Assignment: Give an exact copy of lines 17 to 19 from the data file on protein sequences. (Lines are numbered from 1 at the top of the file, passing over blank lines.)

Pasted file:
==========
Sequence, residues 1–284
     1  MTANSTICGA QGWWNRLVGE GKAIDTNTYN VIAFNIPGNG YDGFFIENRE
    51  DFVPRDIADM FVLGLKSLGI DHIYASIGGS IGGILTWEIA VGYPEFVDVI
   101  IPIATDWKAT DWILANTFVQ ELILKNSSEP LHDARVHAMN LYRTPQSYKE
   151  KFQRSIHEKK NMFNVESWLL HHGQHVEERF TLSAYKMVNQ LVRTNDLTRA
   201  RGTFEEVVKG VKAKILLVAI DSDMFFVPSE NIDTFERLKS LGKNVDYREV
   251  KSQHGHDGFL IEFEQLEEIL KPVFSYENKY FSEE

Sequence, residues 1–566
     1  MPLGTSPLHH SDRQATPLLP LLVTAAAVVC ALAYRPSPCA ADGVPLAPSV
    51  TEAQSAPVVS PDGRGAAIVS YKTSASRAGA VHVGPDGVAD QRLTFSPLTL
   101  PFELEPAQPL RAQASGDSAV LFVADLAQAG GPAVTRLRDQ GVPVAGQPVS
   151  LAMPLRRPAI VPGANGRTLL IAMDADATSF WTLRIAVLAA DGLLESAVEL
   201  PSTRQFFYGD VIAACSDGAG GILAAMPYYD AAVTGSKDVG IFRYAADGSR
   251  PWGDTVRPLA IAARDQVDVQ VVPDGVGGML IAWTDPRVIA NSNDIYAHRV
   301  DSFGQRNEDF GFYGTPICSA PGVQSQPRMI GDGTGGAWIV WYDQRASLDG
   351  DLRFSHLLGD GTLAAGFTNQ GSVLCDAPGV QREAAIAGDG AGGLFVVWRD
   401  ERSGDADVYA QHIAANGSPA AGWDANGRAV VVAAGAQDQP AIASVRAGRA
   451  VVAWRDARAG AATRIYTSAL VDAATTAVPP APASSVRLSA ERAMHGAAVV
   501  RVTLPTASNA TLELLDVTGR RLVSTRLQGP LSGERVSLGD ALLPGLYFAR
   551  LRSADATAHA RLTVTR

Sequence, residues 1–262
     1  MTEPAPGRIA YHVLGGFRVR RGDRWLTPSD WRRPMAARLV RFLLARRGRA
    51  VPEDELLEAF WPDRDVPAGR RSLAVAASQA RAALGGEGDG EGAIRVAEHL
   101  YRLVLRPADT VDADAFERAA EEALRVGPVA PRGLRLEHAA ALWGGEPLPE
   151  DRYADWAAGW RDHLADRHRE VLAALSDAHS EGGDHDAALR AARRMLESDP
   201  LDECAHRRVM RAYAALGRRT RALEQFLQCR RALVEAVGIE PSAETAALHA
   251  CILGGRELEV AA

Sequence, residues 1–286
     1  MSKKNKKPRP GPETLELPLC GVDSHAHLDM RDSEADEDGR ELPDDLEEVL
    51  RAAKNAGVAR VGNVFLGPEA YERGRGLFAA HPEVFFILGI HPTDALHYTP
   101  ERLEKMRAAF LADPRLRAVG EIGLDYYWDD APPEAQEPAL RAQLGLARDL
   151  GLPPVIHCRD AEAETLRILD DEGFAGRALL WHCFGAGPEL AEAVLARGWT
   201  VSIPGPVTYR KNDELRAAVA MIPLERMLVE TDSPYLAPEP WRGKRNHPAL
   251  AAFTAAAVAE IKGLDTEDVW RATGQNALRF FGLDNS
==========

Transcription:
   401  ERSGDADVYA QHIAANGSPA AGWDANGRAV VVAAGAQDQP AIASVRAGRA
   451  VVAWRDARAG AATRIYTSAL VDAATTAVPP APASSVRLSA ERAMHGAAVV
   501  RVTLPTASNA TLELLDVTGR RLVSTRLQGP LSGERVSLGD ALLPGLYFAR